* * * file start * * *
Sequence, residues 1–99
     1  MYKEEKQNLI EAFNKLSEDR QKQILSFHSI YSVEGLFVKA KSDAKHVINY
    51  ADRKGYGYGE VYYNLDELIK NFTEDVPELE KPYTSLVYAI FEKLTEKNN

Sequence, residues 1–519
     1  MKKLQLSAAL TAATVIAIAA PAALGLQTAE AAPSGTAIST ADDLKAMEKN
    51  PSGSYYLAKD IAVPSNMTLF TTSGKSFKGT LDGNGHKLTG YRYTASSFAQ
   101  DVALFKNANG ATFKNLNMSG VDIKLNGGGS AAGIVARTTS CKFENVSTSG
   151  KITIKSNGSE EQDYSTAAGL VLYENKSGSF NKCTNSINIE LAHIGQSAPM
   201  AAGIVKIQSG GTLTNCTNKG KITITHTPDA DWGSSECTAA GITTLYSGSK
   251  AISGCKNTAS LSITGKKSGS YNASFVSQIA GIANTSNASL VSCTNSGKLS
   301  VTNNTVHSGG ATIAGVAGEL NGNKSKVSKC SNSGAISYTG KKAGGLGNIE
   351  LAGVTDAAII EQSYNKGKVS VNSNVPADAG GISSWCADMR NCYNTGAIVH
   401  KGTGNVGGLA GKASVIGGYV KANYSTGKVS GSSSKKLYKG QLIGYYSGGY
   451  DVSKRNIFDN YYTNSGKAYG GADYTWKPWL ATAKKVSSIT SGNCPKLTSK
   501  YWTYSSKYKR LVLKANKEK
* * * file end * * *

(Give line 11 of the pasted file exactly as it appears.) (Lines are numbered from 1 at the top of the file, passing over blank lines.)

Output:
   301  VTNNTVHSGG ATIAGVAGEL NGNKSKVSKC SNSGAISYTG KKAGGLGNIE